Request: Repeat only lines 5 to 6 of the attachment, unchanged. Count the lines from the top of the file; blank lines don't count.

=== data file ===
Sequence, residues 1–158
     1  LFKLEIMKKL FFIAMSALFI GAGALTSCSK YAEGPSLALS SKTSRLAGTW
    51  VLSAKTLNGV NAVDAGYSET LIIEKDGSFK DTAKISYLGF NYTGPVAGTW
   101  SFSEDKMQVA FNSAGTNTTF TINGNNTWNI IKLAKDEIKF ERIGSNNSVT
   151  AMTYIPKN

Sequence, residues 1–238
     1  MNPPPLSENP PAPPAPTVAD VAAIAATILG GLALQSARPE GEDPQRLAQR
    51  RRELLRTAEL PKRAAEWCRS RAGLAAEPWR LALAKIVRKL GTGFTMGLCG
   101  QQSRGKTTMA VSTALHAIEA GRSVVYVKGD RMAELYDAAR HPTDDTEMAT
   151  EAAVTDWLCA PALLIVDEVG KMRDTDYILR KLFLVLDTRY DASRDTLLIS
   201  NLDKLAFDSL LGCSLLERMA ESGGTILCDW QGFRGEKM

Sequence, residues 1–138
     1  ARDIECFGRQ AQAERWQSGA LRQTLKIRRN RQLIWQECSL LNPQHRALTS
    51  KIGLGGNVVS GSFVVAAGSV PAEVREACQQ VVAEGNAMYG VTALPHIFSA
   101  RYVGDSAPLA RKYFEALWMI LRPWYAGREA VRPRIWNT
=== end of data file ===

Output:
   151  AMTYIPKN

Sequence, residues 1–238